This happens at the time when Russian gas flows to Turkey are at a low point. Repair works were announced, which further contributes to the decrease of the Russian gas potential in Turkey. As a result, the $7.8 billion, 930 km TurkStream pipeline, built across the Black Sea and inaugurated in early 2020, is superseded by Azerbaijan, as a major gas supplier. The trend is self-revealing. In 2017, Gazprom exported 52 percent of Turkey’s total gas imports, in 2018 the figure stood at 47 percent and in 2019 at just 33 percent (15.9 bcm).
For example, in March, Turkey received nearly 924 million m3 of Azeri gas, which maked up 23,45 percent of the total volume of gas supplies to Turkey. Azerbaijan also pushed Iran, which together with Russia, are now Turkey’s second and third largest gas providers.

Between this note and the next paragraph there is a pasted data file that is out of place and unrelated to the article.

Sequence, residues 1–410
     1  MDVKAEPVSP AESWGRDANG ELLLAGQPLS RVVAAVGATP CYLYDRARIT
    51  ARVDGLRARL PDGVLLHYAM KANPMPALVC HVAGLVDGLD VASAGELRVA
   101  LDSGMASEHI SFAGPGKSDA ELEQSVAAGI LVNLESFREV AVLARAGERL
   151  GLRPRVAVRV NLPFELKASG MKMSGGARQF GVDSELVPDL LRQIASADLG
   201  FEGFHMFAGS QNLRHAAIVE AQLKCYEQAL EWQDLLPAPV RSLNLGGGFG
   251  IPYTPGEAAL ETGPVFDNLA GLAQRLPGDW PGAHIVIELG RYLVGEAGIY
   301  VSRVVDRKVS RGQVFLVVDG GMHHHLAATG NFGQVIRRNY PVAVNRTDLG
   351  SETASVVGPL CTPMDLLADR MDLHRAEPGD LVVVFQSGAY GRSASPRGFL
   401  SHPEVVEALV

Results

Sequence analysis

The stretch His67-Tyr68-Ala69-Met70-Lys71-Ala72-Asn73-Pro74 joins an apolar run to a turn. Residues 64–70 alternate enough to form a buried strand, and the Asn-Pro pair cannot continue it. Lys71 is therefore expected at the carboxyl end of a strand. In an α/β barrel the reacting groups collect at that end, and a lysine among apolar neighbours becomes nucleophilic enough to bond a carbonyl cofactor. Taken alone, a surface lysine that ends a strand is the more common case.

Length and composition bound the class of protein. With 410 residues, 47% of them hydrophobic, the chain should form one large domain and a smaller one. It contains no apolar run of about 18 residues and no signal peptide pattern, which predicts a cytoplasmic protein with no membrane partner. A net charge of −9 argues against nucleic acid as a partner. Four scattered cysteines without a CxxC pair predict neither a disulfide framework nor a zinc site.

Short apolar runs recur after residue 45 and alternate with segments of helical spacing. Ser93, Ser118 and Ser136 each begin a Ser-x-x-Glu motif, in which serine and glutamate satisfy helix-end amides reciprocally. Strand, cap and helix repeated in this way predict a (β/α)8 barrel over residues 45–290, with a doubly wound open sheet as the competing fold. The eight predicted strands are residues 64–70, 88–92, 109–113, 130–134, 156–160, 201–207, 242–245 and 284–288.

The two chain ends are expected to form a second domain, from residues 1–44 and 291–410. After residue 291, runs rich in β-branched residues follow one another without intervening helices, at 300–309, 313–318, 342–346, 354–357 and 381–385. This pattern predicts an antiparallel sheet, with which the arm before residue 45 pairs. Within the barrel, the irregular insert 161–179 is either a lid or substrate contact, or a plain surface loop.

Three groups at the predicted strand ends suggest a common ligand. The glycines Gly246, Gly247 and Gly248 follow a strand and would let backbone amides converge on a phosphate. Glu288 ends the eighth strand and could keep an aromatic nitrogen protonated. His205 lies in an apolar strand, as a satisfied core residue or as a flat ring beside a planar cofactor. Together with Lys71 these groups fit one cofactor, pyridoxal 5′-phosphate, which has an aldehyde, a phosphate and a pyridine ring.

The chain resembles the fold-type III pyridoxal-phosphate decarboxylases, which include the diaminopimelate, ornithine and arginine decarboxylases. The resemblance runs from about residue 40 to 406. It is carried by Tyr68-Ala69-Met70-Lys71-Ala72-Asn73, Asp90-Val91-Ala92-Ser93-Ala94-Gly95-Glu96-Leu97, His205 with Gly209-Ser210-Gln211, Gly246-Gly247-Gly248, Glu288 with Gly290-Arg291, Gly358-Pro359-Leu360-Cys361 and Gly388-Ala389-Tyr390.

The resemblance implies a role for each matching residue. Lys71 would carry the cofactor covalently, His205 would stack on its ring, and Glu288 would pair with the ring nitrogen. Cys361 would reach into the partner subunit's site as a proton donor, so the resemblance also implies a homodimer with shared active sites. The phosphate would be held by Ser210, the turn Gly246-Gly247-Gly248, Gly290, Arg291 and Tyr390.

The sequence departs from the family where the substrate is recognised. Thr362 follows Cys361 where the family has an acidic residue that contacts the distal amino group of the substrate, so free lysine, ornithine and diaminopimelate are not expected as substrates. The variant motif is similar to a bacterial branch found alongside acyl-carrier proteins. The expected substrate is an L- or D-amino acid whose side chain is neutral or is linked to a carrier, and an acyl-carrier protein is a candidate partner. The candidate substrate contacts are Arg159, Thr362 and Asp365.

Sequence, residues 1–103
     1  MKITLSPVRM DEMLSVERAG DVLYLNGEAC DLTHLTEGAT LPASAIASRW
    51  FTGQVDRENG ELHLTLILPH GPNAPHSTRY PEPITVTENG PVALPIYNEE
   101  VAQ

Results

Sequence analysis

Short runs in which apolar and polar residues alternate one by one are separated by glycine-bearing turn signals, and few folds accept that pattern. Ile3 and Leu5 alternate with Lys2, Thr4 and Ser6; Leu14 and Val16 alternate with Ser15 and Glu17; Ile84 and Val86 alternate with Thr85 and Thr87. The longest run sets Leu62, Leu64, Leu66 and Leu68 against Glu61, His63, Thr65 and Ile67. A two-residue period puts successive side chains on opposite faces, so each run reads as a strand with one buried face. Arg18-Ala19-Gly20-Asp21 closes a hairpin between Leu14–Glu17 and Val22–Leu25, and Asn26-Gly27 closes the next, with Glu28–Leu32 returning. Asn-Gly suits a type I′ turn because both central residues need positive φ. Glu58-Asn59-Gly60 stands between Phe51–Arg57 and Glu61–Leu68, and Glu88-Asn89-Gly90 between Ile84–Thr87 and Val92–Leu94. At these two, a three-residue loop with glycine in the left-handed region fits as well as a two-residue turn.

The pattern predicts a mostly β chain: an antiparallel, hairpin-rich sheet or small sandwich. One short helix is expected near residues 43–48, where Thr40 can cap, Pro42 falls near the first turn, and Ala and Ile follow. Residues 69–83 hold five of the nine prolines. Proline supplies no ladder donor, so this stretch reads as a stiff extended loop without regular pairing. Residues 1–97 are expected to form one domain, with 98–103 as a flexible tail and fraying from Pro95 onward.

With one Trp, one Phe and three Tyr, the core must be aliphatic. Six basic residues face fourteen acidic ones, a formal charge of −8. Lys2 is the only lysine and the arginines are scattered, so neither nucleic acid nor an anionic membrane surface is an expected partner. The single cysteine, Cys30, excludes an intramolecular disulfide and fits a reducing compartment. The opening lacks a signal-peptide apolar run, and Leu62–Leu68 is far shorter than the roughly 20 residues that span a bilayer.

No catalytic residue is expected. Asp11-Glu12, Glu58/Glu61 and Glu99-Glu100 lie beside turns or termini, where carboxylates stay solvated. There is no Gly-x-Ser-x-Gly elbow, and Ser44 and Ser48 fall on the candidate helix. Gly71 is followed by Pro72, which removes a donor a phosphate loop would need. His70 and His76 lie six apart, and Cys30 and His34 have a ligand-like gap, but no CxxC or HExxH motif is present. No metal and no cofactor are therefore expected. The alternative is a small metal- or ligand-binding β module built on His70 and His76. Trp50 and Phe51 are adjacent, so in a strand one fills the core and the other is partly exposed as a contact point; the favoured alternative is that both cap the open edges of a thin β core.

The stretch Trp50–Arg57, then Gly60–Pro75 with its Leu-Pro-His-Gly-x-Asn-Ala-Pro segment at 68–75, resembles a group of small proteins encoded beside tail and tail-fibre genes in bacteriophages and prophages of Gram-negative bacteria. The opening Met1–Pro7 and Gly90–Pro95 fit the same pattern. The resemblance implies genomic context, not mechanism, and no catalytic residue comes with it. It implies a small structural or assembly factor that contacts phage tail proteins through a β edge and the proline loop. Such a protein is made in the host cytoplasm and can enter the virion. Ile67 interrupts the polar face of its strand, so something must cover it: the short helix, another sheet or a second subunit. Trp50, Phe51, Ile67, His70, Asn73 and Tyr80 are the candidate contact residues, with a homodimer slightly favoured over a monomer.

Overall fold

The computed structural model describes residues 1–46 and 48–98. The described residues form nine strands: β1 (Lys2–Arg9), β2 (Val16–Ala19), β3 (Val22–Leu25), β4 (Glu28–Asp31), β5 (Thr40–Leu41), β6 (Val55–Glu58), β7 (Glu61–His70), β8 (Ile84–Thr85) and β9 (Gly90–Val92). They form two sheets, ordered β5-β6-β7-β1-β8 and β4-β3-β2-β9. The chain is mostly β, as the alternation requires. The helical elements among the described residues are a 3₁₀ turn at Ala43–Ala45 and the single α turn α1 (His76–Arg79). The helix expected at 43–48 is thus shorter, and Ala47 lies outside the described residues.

The decrease of Russian gas flows is also caused by the Turkish national company BOTAŞ increasing imports from Algeria and Nigeria. For Gazprom it also becomes increasingly difficult to compete with large LNG supplies that Turkey imports from the US. A look at the dynamics of LNG imports reveals an interesting trend – over the past 10 years the share of LNG steadily increases in Turkey. In 2013-2019 period, the share of LNG in Turkish gas imports rose from 6.1 bcm to 12.7 bcm.
Geopolitics of gas supplies